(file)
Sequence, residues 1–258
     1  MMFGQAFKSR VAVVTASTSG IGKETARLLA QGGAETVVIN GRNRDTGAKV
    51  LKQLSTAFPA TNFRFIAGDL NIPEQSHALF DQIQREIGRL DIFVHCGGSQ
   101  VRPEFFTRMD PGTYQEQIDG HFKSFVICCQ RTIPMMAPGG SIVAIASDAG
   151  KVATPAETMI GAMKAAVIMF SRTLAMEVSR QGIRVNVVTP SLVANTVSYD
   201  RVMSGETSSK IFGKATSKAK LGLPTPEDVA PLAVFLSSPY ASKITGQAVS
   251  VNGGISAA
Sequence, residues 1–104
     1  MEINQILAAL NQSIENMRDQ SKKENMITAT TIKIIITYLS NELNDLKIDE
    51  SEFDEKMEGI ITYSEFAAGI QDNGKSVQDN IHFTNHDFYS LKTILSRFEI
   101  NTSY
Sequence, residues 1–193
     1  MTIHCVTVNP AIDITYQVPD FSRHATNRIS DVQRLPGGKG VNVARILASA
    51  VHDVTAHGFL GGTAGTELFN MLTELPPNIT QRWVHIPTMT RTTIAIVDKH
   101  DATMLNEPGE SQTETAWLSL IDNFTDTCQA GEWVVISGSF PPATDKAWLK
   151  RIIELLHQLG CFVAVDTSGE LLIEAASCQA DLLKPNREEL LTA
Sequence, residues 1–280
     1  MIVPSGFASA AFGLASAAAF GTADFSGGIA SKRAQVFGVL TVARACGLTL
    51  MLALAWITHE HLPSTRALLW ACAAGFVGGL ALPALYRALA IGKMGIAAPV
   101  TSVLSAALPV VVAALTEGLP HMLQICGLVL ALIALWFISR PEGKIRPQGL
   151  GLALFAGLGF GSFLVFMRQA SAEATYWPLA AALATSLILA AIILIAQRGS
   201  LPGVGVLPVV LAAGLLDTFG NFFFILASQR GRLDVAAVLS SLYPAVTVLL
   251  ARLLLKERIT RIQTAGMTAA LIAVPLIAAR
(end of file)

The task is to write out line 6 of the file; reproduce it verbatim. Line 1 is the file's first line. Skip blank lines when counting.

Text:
   201  RVMSGETSSK IFGKATSKAK LGLPTPEDVA PLAVFLSSPY ASKITGQAVS